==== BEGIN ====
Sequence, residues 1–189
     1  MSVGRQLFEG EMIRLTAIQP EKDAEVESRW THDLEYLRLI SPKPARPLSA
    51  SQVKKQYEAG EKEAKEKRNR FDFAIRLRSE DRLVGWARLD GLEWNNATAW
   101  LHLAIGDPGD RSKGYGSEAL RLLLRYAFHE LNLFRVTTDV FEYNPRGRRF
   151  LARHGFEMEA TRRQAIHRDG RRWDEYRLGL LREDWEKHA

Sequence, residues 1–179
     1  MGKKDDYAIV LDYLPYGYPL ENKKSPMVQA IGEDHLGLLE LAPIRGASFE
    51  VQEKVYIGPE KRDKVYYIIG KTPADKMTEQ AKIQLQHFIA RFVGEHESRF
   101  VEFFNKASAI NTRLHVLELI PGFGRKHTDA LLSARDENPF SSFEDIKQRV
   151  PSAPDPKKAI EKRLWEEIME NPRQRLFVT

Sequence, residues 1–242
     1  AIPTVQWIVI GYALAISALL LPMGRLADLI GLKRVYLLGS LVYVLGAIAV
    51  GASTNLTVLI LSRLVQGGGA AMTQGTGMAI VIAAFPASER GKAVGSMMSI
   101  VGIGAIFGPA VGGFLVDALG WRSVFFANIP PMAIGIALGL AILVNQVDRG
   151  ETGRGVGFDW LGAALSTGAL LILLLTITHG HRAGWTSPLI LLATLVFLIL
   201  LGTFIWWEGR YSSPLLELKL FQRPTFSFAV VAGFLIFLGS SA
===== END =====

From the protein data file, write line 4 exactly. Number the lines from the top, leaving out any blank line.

   101  LHLAIGDPGD RSKGYGSEAL RLLLRYAFHE LNLFRVTTDV FEYNPRGRRF